The second half of the demo is where the meat of Saints Row IV‘s gameplay presumably lies. Had this part of the demonstration not existed, there is a good chance you would be reading a preview in which I would be describing that whilst the action and humor in Saints Row IV were still present, the game was more of the same (there would also be a wealth of typos and grammatical errors due to my profound sadness and slippery keyboard drenched in tears).
Steelport is just as I remembered from the previous game, and there did not seem to be many changes implemented this time around aside from the gigantic alien starships that now populate the skies – these ships are visible in many of the promotional materials Deep Silver has released to the public since the game’s announcement. The first thing I did (because I would not have forgiven myself otherwise) was try out the Dubstep Rifle – I made it my mission to make sure I got as much time with the weapon as possible. So far, it functions just as advertised: you shoot beams of reverberating “generic” dubstep music, which causes people to dance, cars to jump, and for targets to be inexplicably blurred into oblivion. My only complaint was that no one twerked… there should be at least one person twerking. With my own personal desires for the weapon aside, it is as humorous as it is effective – a good crowd-control weapon.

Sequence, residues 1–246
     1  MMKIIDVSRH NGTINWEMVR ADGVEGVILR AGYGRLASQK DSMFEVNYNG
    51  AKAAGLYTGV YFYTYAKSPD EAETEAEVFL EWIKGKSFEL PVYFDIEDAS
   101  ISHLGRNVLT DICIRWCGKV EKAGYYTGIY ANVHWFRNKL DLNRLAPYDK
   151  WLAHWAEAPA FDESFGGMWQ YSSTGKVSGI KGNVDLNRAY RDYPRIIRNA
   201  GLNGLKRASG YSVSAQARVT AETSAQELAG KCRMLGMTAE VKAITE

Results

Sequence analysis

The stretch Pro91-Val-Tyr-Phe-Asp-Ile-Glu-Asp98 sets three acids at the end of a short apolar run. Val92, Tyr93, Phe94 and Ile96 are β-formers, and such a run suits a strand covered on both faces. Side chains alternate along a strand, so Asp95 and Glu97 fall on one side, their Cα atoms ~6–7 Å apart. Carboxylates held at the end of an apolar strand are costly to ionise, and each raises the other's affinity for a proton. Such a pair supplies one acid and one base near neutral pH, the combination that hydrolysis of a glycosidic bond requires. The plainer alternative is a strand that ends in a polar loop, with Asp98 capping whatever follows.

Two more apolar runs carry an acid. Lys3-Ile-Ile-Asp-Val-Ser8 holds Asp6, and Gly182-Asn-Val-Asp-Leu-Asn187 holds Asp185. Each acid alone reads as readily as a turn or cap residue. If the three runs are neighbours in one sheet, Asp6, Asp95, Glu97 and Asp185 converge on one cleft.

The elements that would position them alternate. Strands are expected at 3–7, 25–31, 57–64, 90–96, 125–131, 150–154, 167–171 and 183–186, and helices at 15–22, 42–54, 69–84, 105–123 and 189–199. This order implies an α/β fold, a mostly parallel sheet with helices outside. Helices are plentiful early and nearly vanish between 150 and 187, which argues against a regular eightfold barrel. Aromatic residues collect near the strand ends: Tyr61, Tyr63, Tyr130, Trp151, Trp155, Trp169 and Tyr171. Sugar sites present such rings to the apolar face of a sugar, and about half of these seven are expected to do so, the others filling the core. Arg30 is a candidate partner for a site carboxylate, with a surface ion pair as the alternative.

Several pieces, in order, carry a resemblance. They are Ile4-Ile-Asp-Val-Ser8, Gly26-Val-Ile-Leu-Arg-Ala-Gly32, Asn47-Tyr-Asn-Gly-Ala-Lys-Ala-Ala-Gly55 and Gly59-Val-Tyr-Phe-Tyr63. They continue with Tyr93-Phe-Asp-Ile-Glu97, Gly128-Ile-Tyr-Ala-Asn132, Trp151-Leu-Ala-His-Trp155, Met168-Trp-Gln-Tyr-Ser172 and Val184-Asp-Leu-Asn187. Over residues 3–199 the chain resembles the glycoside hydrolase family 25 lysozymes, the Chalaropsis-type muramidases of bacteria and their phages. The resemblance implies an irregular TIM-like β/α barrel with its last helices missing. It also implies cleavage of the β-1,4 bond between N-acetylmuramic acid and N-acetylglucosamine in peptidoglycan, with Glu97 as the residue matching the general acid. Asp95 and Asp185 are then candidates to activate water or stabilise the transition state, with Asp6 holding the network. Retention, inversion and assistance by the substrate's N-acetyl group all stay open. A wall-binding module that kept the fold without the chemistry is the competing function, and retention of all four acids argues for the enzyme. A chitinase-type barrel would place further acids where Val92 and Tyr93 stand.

The other notable weapon I tried out was the Singularity Rifle. Unlike the Dubstep Rifle, which is based in humor more than anything else, the Singularity Rifle is angled more towards its destructive capabilities. Similar to the previous weapon, it is exactly what it sounds like. The Singularity Rifle will fire black holes wherever you point it, effectively sucking in cars and people alike in its immediate vicinity. It is simple, and effective.
After playing around with these two weapons, I delved into the super-powers. One very neat aspect is that each power has its own timer independent of the others, allowing the player to mix things up with ease, without being handcuffed by one or another power. Each power has different uses and are not strictly for one or two purposes. Super-speed for example, does not come with the sole ability of running extremely fast. Players can also utilize the power to run up buildings, plow through traffic (and people), and jump great distances – and glide, on top of that. Gliding can also branch off into Death From Above, which is a simple punch-landing area of effect attack.